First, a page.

This lack of political will is disastrous given that the euro – a shared currency outside a fiscal union – has turned out to be less stable than even longstanding sceptics had imagined. The reason is that a currency shared by fiscally independent member-states can generate vicious negative feed-back loops between sovereigns and banks. The legacy of the global financial crisis in 2008 was a sovereign debt crisis in parts of the eurozone, and a banking crisis across the region as a whole. The two crises have fed on each other ever since, with weak sovereigns undermining confidence in banks and vice versa. The greatest threat to the eurozone is that this vicious feedback loop spins out of control. The polarisation of government bond yields within the eurozone since early July, allied to the growing funding difficulties of banks across the region, suggest that this point is perilously close to hand. 

What might help to arrest the negative feed-back loop? The short answer is: mutualisation. Since yields on peripheral bonds are unsustainably high and yields on core bonds are abnormally low (because of high levels of risk aversion), pooling debt would reduce the polarisation of borrowing costs. Likewise, the adoption of a pan-European deposit protection scheme would stabilise banks domiciled in countries with weakened sovereigns, because it would reduce their vulnerability to runs on deposits. But describing what may be necessary to stabilise the euro is to emphasise how far European leaders are from doing so: mutualisation is anathema to many governments and voters in creditor countries. 

Rules, however strictly or inflexibly applied, will not restore faith in the eurozone. Fiscal consolidation in Greece, labour reforms in Spain, and pension reforms in Italy are all necessary. However, they will not turn the eurozone into a more stable arrangement, as creditor countries appear to have convinced themselves. That cannot happen without a further institutional step forward, the nature of which exceeds current political appetites. In the absence of such a step, the eurozone is condemned to be a currency area marked (in the most benign scenario) by periodic confidence crises and sovereign defaults, but which is more likely to break up in an uncontrolled and potentially catastrophic manner.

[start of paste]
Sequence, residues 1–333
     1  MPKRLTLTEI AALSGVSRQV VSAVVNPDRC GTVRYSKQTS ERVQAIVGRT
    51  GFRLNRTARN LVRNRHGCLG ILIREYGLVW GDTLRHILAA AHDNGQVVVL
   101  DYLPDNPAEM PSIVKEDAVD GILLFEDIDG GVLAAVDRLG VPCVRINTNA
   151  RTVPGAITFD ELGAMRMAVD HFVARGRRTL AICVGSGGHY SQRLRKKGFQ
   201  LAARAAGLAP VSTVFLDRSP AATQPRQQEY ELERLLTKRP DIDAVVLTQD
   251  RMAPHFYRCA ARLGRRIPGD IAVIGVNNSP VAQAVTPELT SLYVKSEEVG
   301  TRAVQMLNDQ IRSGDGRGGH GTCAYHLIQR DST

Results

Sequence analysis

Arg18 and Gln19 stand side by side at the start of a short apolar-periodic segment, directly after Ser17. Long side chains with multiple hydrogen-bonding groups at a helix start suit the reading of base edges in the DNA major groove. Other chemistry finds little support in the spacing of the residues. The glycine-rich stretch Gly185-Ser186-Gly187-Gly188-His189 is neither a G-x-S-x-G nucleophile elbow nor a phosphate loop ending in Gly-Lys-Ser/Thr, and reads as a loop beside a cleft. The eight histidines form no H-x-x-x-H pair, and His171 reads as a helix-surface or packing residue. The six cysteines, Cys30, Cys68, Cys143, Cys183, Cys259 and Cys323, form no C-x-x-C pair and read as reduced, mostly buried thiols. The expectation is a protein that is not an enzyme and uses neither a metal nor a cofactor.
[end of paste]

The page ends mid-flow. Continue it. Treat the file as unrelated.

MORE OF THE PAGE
Since the 1950s, monetary stability and European integration have been two leading (and largely complementary) German policy priorities. This is no longer the case. German appetite for European integration is waning. Voters do not want to be part of a ‘transfer union’, and some influential policy-makers now seem to believe that European integration poses a threat to monetary stability. From Southern Europe, the view looks different: it is of a Germany obsessed with the lessons of the 1920s condemning them to the disastrous policies of the 1930s.

Copyright is held by the Centre for European Reform. You may not copy, reproduce, republish or circulate in any way the content from this publication except for your own personal and non-commercial use. Any other use requires the prior written permission of the Centre for European Reform.